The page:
5 Games to Play During the School Year

The school year is in full swing! Parents are rejoicing because their shitty kids are back in school, and teachers are complaining about having to deal with another batch of shitty kids. And of course, those shitty kids are upset they will have to deal with shitty teachers. It’s really a lose-lose situation for everyone but parents. So, as you all are buying new books, preparing your red pens, and crying first thing in the morning, I’ve gathered a few games I think everyone could enjoy during the school year!

1.     Viridi

Everyone can enjoy shouting at some virtual plants.

Everyone can enjoy shouting at some virtual plants.

Whether you’re a student or teacher, you’re probably stressed out. Gardening is one of the best ways to relax; in fact, gardening can scientifically make you happier. But why deal with real plants that will die (because let’s face it you don’t even have time to tend to a garden when there’s homework to do, or homework to grade) when you can grow virtual plants! Viridi is a great game for those who want to join the YouTube planting community but don’t have the money or time to actually garden. Rather than scream at a student, maybe scream right at your screen. Your digital plants won’t care.


2.     Art Sqool

Why grade your students’ work when you can get a computer to do it? ( Art Sqool )

Why grade your students’ work when you can get a computer to do it? (Art Sqool)

This one’s for the students out there who need to get some energy out. Even if you aren’t an art major, Art Sqool is a great way to doodle, scribble, and fiddle around without disrupting class. And teachers, don’t worry, because there’s an AI that will grade your students on their work. If they fail a drawing in Art Sqool, they fail an assignment in real life. It’s only fair.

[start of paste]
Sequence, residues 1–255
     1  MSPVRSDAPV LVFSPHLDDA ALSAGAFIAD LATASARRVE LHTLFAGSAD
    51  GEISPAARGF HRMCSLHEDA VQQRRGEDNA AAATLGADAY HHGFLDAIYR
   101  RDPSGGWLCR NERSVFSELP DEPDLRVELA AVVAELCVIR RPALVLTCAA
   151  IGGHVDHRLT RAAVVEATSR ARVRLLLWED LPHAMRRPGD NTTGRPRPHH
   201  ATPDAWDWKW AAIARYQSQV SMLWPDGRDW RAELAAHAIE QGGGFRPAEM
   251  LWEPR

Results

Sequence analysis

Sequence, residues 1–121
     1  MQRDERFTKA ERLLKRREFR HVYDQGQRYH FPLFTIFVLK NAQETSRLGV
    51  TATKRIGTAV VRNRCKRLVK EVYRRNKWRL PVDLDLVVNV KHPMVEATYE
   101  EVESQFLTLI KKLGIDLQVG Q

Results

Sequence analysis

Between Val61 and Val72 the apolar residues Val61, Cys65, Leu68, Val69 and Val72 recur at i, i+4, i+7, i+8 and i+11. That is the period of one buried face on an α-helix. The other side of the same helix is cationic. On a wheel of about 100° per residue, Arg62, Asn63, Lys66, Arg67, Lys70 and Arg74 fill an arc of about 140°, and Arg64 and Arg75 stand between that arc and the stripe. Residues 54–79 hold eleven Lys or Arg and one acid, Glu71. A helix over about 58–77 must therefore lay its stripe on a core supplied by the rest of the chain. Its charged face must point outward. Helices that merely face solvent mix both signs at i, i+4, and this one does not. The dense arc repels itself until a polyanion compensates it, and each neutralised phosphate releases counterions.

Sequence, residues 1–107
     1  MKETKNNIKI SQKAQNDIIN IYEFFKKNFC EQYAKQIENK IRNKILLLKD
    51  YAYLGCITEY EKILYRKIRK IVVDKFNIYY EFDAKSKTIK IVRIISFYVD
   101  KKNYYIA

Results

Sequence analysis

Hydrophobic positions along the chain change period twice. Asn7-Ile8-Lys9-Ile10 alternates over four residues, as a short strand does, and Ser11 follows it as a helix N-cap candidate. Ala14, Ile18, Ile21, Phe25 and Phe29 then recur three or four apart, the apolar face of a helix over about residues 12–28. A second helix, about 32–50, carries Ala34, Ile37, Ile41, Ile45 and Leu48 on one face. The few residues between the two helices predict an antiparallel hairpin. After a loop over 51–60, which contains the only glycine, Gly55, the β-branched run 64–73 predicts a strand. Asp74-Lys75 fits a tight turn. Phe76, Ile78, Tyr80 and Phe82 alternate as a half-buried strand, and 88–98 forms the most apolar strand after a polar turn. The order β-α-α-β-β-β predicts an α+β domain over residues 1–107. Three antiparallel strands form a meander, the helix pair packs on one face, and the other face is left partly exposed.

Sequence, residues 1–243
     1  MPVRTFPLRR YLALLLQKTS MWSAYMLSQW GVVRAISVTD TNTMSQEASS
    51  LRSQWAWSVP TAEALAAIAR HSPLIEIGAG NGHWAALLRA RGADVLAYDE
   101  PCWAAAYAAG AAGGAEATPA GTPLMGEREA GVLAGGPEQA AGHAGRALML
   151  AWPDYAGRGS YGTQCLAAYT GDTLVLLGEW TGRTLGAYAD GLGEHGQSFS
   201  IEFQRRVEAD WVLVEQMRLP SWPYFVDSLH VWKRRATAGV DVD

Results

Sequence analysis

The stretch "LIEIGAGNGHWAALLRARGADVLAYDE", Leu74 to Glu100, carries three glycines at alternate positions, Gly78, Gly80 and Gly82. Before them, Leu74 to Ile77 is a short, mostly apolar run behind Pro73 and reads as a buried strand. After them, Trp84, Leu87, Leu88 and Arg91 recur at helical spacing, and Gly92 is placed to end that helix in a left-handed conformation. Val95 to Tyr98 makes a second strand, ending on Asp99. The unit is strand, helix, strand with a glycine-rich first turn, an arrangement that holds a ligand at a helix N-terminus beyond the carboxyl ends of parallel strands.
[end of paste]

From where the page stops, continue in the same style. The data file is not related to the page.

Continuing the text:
3.     Reader Rabbit Kindergarten

Reader Rabbit looks on in horror as a bear and an…animal annihilate a slice of pie.

Reader Rabbit looks on in horror as a bear and an…animal annihilate a slice of pie.

I don’t care what grade you’re in, how far you are in your teaching career, you should probably learn how to read. And Reader Rabbit Kindergarten slaps. There’s a game about pie, and using a grid, and telling a beaver how many steps to take before getting to her boat. I don’t know if there’s actually anything about reading in this game, but I do know I played this game even when I was in middle school because it was FUN. And when the school year sucks, sometimes you just have to go back to wearing Velcro shoes and play a game meant for babies.


4.     Mario is Missing

If your student is as clueless as Luigi then they should definitely play this game.

If your student is as clueless as Luigi then they should definitely play this game.